Our toilets are composting toilets which require more work than a flush toilet (in the short term!) We have three composting toilets.

Toilet no. 3 is specifically there for those of you who are taking medication or drugs that are not naturally found in our environment. Please use it or ask Tes or Shaked if you’d like advice or more info. We deal with this humanure and urine in a different way to the rest.


Our showers are run by a ‘rocket stove’ and require firewood to heat the hot water.


We are all part of the cleaning team and ask that everyone take their chores seriously.

Please follow the assigned chores list. Chores are best done before breakfast, where possible and immediately after meals.

We ask that you tidy up after yourself and keep the house free of your own personal clutter at all times.


Please leave your cellphone switched off while in the teaching room – special circumstances can be negotiated


  • All books are for reference only and must not be removed from the house. Please do not take books into the eating or concrete areas at the front please, we have lost many books this way.
  • We provide a communication room with internet ready computers and also connections to plug-in your own device/s. Please do not download any files during work hours. We also ask that you do not download any movies or large files during your time here at Koanga.
  • Please be respectful of the fact that we must all share this space and have a chance to get access to computers and the internet


  • It is your responsibility to remove your personal rubbish. Please do not place rubbish in our recycling cupboard.


There is a handwashing machine available to wash your clothes

  • Please only use our laundry liquid to avoid soil contamination
  • Use only cold water so that we have hot water for the kitchen and dishes.

Swing Bridge:

  • The swing bridge down the road is private property and quite dangerous, please stay off it.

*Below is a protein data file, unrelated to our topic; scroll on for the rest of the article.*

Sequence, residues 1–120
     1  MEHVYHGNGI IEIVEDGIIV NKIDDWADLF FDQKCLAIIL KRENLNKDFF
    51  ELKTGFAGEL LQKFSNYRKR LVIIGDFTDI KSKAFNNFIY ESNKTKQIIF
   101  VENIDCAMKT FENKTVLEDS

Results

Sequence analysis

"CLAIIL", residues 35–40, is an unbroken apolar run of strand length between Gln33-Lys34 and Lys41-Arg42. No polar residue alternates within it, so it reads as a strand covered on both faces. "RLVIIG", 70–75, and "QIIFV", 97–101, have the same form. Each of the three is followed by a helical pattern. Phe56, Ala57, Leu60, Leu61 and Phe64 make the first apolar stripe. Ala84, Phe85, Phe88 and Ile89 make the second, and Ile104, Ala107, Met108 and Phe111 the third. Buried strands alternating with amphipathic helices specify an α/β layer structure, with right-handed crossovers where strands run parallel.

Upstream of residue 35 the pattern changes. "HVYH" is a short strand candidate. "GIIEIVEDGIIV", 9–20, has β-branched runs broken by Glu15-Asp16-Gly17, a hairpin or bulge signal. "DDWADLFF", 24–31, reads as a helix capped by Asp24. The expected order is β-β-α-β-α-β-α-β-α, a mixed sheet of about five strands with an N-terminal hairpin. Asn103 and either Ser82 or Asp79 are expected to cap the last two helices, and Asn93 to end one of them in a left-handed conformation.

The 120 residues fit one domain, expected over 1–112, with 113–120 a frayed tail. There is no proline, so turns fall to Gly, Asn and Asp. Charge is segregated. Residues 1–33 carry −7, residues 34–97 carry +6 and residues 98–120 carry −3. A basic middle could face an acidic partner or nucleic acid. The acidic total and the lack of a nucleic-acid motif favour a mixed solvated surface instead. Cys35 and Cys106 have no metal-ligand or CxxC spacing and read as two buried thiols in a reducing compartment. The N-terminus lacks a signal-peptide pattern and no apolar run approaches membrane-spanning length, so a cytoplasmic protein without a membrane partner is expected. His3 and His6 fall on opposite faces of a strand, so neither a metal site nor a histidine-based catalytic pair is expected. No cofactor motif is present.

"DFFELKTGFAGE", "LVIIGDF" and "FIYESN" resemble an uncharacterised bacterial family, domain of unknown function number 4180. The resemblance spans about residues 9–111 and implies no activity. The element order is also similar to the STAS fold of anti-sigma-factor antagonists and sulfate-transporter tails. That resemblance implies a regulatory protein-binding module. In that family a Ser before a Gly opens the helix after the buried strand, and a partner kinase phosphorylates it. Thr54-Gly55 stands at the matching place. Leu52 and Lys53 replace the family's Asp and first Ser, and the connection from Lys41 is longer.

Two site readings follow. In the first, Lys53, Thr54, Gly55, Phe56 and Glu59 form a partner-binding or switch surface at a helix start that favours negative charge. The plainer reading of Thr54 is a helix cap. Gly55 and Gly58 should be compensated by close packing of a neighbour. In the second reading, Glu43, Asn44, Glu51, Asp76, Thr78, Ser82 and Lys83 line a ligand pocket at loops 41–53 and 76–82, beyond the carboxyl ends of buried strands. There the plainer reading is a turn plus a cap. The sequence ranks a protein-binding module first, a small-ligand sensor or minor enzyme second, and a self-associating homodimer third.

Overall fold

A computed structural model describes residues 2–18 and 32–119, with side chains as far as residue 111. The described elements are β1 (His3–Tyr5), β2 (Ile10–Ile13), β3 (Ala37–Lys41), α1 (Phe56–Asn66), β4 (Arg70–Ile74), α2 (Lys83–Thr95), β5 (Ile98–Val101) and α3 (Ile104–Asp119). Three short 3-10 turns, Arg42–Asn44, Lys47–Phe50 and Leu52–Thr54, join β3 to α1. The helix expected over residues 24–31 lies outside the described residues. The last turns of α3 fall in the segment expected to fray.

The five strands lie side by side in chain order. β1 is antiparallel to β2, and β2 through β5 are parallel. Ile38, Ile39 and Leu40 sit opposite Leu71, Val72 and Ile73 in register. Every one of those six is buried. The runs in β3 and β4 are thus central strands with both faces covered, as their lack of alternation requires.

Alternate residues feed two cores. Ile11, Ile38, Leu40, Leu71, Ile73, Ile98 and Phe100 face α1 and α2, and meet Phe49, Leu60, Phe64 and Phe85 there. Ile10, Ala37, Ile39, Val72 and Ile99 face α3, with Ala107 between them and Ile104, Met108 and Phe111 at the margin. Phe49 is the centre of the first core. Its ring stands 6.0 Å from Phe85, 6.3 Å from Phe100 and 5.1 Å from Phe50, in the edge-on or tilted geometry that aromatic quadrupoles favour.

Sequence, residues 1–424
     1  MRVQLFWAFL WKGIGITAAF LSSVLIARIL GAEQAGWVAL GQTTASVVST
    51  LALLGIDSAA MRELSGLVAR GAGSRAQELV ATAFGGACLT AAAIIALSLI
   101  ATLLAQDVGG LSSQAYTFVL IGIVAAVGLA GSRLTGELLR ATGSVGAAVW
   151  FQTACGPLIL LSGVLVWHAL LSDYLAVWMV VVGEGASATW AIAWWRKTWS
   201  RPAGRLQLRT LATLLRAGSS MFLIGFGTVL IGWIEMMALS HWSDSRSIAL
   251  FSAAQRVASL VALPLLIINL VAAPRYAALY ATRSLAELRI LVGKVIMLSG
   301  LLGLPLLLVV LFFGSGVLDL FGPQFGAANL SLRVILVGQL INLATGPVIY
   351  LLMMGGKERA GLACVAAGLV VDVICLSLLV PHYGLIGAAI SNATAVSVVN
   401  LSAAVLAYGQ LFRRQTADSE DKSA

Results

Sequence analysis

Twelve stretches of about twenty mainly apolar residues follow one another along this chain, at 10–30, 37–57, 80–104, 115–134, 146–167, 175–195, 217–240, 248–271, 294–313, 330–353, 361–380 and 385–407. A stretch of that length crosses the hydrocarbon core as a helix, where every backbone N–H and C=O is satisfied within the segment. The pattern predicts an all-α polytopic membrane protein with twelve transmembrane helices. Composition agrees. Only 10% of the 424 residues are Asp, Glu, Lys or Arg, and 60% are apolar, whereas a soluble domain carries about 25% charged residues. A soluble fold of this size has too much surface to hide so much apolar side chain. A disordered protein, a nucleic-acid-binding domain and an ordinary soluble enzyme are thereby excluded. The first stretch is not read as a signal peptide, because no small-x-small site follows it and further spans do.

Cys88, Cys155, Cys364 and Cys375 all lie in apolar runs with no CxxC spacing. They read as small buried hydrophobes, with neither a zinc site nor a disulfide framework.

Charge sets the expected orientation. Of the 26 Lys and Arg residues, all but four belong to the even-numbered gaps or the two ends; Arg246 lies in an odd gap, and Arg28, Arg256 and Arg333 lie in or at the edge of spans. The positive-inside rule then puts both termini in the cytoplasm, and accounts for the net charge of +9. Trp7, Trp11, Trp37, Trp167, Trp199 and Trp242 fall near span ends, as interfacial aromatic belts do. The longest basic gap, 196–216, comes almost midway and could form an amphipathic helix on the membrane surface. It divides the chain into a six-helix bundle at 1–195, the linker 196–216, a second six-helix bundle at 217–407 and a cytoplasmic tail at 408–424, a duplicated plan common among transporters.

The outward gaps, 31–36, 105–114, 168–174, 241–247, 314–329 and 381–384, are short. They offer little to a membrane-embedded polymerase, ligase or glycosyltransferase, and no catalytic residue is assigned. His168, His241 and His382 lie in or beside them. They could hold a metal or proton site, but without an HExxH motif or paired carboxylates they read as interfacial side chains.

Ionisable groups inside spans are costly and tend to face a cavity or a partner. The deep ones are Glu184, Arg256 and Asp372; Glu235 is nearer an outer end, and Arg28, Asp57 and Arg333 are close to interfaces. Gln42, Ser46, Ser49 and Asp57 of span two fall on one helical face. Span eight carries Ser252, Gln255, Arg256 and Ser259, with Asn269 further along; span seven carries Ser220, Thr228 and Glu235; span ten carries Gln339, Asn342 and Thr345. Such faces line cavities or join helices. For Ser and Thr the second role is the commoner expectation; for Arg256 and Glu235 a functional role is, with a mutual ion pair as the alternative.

You are welcome to swim in the river. We will show you the swimming holes.

  • Please always wear togs or clothes in the Mangapoike
  • If you wish to swim without gear please always do that in the Mangaone stream only


  • Firewood is a super precious commodity and we ask that you do not remove wood from the wood shed for personal use
  • Never light an outside fire without permission from Tes or Shaked

Shutting Gates:

  • Within Koanga, always shut gates properly by their latches every time you go through them, they are to keep children, gardens and animals safe.
  • Please leave gates how you find them on the rest of the farm.

 Kotare Village:

  • Kotare village is a working farm as well as a place of private residence
  • Always talk to Bob before taking a walk in the hill block or paddocks on the farm
  • Respect the privacy of Kotare villagers residing within the camp and house sites, unless invited
  • Check the map on the library noticeboard to see where you are, which areas you are welcome to explore and where our boundaries and ‘no go’ areas are

Health & Safety

  • Footwear must be worn at all times around the farm and in the garden, especially when using tools. You will need a hat, personal water bottle and have light, full-length clothing to protect you from the sun
  • No person shall use any tools or machinery from the garden shed or workshop unless they have been deemed competent and have been over the safety procedures, equipment maintenance and proper technique for using the tool
  • No person shall enter the Kotare Village workshop without prior permission from Bob Corker.
  • Always ask for help if you are unsure of how to use a tool or perform a certain task
  • Do not use excessive force while working – this protects yourself and our tools
  • Always set down your tools in a safe place

First Aid:

  • There is a first aid kit located in the bathroom. The First Aid Officer is Shaked From, Please notify him if any first aid supplies are low.
  • Emergency Assembly Point: In the event of an emergency everyone is to evacuate to the front gate of the Koanga Institute. There is a clearly marked sign there. When you hear a continuous loud and frantic bell ringing please go to the assemble point.
Posted on Leave a comment

2016 Koanga Seed Internship – Building Food Security Through Seed Saving and Nutritional Resilience

This past Summer saw the first Koanga Seed Internship in New Zealand.. and that felt like a turning point for me.

I’ve taught the two week Seed Internships in both Australia and Jordon, but this year it felt like time to teach it here.

We had 6 women with us, who came from very varied backgrounds, but all on a mission. One woman, Merili, was from Estonia…. and she had been looking for such a workshop all around the world. She came to learn and experience as much as she could about seed saving so she could go home and begin a serious seed bank in Estonia! She enjoyed it so much she stayed on an extra 3 weeks afterwards to continue helping in the seed processing room which in late March is still very very busy (beans, peppers, watermelon, pumpkin and much more still coming in… all the corn to go yet) It was great for me to see that the systems we have set up for planning were able to be effectively used for the Northern hemisphere.